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TV Sound Is Definitely Substandard

Discussion in 'Audio Visual' started by Lucky Luke, 17 Oct 2021.

  1. Lucky Luke

    Lucky Luke

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    Etaf, since I first replied to what you said, I now see how dense I must be. It would be relatively easy to plug in (even if the lead must trail round the front of the stand). I intend to do what you said when I can conveniently do so. It may be a day or two, because of domestic circumstances/routines etc. I shall let you know how things turn out, eventually.
     
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  3. Lucid

    Lucid

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    Your previous Samsung was 15 years old. That means it predates the current LED backlighting tech, so it used what in effect are small cool-running florescent tubes as a light source. That made the telly was much thicker than today's models, and being thicker means there was more space to fit larger speakers.

    I bet your new telly is much thinner. In being thinner there's less space for speakers. Less space = smaller speakers = less bass output = thinner sound.

    Over the decades as screen size and screen tech has improved, the sound from TVs has gone backward at an equal rate. CRT TVs had great speakers. Plasma screens and early (thick) LCD TVs had acceptable speakers. LED TVs and some OLED TVs have the worst sound.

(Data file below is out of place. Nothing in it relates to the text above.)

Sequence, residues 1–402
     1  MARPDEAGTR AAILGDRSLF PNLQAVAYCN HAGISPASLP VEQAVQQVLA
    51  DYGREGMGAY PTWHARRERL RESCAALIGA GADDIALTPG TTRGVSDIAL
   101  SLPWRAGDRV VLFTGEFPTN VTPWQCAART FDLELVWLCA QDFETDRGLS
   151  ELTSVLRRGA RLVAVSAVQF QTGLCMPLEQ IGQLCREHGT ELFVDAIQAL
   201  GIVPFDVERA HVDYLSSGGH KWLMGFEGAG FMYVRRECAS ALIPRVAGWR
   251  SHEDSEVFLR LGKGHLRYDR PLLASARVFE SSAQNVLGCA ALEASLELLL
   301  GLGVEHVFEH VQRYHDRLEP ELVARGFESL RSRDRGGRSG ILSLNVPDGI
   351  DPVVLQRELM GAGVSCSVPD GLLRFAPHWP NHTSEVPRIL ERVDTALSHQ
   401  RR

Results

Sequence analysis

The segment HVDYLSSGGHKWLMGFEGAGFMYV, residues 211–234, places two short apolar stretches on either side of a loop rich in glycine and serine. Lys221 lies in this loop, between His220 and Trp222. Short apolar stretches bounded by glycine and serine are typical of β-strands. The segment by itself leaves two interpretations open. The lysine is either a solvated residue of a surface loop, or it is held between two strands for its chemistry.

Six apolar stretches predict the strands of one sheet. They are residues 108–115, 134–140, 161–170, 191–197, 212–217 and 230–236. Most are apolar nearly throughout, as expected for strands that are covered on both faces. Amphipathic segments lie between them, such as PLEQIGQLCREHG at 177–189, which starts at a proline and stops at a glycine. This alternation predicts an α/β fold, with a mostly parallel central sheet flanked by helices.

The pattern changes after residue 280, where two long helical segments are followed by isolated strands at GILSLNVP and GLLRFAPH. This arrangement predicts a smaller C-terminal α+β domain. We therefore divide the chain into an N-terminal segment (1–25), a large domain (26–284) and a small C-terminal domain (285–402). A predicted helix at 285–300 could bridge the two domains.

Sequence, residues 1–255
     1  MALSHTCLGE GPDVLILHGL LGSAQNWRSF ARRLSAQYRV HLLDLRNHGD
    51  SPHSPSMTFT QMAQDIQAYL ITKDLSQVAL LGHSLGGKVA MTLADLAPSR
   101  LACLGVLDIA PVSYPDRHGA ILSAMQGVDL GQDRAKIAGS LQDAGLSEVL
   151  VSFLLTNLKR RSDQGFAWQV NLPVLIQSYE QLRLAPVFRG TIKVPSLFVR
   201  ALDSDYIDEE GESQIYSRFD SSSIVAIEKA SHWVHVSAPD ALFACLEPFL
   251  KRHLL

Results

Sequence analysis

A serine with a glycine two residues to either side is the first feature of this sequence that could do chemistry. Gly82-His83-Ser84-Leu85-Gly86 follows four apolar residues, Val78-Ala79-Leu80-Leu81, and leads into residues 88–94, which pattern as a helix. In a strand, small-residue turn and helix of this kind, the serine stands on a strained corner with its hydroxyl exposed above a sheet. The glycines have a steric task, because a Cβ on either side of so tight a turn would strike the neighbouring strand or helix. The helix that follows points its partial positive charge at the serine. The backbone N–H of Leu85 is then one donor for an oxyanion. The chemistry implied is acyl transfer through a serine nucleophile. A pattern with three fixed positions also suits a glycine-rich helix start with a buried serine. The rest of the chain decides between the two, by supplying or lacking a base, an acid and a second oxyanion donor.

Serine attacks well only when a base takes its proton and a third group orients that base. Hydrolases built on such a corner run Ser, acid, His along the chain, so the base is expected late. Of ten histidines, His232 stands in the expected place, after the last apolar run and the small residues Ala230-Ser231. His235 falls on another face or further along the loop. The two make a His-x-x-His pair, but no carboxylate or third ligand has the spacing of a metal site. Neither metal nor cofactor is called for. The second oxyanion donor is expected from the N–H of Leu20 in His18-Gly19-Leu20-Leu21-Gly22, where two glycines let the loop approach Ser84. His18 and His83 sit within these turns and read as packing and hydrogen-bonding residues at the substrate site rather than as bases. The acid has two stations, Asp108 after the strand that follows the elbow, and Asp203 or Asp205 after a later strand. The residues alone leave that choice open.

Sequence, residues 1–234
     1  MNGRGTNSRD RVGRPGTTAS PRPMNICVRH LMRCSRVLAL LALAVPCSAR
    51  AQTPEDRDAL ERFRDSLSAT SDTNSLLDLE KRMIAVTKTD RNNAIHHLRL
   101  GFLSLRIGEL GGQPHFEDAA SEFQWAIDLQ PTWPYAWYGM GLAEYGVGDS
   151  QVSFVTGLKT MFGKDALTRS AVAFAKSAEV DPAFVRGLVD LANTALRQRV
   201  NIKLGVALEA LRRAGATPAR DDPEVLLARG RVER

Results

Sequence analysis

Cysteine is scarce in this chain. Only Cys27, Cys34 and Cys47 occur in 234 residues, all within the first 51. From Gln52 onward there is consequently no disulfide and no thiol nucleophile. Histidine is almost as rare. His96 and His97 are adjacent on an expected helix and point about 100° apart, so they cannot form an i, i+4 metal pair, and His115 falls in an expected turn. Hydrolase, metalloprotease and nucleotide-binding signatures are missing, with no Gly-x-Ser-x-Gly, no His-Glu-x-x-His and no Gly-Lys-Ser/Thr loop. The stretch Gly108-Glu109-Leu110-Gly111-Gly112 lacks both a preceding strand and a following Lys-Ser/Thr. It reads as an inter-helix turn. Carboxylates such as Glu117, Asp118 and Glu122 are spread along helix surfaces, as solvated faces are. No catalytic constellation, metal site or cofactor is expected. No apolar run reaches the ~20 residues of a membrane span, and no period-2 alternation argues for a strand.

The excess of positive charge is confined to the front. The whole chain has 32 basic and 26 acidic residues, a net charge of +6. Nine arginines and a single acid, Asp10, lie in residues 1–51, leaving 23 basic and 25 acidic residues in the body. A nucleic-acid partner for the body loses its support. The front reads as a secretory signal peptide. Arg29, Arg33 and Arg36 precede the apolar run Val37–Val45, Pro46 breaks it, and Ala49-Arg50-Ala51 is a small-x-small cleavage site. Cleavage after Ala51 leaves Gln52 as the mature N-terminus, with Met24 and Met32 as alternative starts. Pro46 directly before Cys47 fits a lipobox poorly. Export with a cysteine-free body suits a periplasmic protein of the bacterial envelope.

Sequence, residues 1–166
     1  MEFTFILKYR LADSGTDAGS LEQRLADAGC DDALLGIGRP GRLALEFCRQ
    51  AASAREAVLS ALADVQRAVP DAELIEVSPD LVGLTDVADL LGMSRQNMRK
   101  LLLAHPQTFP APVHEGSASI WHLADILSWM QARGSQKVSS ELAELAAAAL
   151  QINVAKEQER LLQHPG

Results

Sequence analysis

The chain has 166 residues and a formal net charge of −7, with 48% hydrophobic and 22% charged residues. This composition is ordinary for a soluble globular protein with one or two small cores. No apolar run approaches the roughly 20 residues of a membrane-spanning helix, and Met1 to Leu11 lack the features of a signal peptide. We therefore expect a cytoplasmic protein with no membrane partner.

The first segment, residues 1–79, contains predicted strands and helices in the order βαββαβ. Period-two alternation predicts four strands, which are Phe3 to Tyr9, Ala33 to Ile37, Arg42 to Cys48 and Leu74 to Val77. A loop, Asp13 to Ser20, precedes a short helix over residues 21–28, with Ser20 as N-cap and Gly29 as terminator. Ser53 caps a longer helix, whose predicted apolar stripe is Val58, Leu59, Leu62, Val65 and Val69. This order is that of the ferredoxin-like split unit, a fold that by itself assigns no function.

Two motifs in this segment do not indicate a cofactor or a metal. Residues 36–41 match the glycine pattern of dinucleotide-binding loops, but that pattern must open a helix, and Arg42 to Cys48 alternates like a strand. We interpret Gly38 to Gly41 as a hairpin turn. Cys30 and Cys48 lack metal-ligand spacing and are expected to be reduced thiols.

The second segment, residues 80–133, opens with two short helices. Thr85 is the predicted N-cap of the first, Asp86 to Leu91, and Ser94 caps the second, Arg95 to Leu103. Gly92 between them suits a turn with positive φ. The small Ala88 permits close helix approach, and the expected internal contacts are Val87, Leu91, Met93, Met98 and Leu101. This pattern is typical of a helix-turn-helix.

The answer for many is to add a sound bar. The cheap ones at <£80 take us back to what you had in the old Samsung TV. Higher quality ones £120-£200 improve on that. When you get over £200 you'll be getting up to the sound from plasma screens.

    For just TV dialogue use then the £75 LG SK1D is fine. It would certainly help where someone has limited hearing. You'll also need an optical cable to carry sound from the TV to the sound bar. If you're looking for something decent with music then you'll need to spend more. The Yamaha SR-C20A is compact and yet produces reasonable bass without the need for an external subwoofer (bass speaker box). I suspect though that at £200-£230 it's way over what you'll likely to spend.
     
    Last edited: 19 Oct 2021
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  4. Harry Bloomfield

    Harry Bloomfield

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    Usually, but not always. I bought a large screen Samsung plasma around 12 years ago, it cost a fortune, but the sound I would compare to the sound of a tiny pocket transistor radio. I ended up buying an early Sony sound bar to use with it. By contrast, our latest 3x LG's LED sets have perfectly usable sound built in, using the very tiniest of speakers facing back - I was anticipating having to buy some sort of adaptor to be able to use the soundbar with it, but there was no point.